You want your feet to be in line with your butt and your shoulders stacked. Engage your core and keep your feet together as you raise your left knee out to the side while keeping your right knee down on the floor. Hold your lifted knee for one second, then lower and repeat. Try to complete 20 reps on each side.
The quadriceps are the muscles above the knee that help to control patella tracking, so it’s important to strengthen them. To perform quad sets, lay on your back and put a rolled-up towel behind your affected knee. Activate the thigh muscles in order to straighten the knee and hold the contraction for 5 seconds.
You can activate your quad by visualizing your knee pushing down into the ground (you’ll also be able to see your quad contract if you watch it). Release after 5 seconds and repeat 10 times on each side.
Also great for strengthening the quads. Lay on your back and stretch both legs out on the floor. Lift the right leg up to about 6 inches off the floor and hold the contraction for 10 seconds, then gently return it to the floor and repeat on the other side. Try to complete 5–10 reps on each side.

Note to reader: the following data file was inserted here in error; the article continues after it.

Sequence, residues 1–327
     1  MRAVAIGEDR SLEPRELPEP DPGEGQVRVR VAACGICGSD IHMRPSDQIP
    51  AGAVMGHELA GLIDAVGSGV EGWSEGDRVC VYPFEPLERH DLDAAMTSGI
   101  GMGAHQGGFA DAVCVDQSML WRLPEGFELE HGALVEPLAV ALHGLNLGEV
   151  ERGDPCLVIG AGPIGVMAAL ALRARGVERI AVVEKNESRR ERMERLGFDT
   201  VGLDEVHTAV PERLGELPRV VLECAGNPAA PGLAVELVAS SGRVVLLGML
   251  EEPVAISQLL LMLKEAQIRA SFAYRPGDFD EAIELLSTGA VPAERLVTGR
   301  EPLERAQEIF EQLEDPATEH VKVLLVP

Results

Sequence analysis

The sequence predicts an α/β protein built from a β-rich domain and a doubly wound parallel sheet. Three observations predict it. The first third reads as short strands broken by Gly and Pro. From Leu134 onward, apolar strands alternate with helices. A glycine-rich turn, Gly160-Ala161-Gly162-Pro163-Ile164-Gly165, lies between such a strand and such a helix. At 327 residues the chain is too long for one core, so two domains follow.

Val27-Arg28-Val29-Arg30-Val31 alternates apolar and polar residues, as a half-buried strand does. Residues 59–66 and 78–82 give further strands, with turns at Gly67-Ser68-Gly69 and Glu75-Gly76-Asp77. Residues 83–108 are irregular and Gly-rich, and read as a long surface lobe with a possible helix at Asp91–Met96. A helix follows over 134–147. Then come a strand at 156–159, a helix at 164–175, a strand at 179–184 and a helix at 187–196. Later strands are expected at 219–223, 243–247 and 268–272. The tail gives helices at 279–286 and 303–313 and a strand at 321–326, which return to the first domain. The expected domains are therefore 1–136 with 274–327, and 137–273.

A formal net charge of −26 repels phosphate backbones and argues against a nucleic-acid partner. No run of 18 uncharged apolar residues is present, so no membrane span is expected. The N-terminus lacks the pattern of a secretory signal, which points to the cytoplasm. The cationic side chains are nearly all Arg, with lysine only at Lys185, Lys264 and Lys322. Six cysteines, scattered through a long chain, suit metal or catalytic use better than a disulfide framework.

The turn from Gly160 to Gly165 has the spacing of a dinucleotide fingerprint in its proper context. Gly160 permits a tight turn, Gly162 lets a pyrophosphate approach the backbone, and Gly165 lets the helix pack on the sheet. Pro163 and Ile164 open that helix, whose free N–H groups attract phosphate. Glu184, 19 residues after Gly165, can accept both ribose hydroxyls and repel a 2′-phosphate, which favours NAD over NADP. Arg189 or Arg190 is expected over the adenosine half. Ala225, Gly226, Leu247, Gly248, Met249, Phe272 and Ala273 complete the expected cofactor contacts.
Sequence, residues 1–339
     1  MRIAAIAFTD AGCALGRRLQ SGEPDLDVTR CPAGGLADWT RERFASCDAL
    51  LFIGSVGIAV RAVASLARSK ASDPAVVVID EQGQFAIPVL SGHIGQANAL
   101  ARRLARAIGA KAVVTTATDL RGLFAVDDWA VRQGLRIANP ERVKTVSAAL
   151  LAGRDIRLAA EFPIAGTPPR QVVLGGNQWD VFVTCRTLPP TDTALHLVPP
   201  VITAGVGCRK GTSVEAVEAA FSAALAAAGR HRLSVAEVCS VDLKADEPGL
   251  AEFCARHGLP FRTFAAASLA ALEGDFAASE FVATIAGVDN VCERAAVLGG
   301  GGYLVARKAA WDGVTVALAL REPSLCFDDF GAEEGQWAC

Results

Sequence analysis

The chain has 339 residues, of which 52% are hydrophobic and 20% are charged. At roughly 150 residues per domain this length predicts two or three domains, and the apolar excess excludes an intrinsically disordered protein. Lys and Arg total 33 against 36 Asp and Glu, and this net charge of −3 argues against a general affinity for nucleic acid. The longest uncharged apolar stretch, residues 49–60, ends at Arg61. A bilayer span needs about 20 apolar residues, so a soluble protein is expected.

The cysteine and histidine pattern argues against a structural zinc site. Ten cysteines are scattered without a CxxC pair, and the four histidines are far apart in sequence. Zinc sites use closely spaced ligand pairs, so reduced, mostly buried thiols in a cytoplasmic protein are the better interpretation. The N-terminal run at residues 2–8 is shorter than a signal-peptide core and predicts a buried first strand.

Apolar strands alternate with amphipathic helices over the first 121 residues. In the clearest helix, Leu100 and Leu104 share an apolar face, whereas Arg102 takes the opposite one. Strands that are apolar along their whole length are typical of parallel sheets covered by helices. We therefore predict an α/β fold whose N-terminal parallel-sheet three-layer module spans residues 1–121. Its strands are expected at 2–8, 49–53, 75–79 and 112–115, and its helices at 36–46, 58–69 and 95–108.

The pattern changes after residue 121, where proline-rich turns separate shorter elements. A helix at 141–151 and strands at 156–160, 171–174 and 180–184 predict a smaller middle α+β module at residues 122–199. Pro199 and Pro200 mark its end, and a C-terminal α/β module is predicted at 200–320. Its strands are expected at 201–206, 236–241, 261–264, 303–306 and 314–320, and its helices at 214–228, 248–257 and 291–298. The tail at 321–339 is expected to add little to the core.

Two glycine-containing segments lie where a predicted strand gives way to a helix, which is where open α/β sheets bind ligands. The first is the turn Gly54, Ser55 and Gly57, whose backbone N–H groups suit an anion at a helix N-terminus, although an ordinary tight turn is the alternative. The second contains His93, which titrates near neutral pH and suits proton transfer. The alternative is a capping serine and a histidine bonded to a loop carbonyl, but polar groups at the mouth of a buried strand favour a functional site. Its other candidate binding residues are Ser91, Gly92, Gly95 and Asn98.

Stand with your feet hip-distance apart. Keeping your balance, start with your left toe touching the ground and focus on something in front of you that is not moving. Begin to sit back on the right leg while raising the left foot and extending the left leg in front of you. Go down as far as you are able to, lowering for about 5 seconds, then lift back up. Repeat about 10 times on each side.
Lay on your back on the floor with your knees bent. Your knees should be hip-distance apart and heels should be close to the butt. Push off with the heels, lift the hips towards the ceiling, and hold for 5–10 seconds. Release and repeat 10–20 times.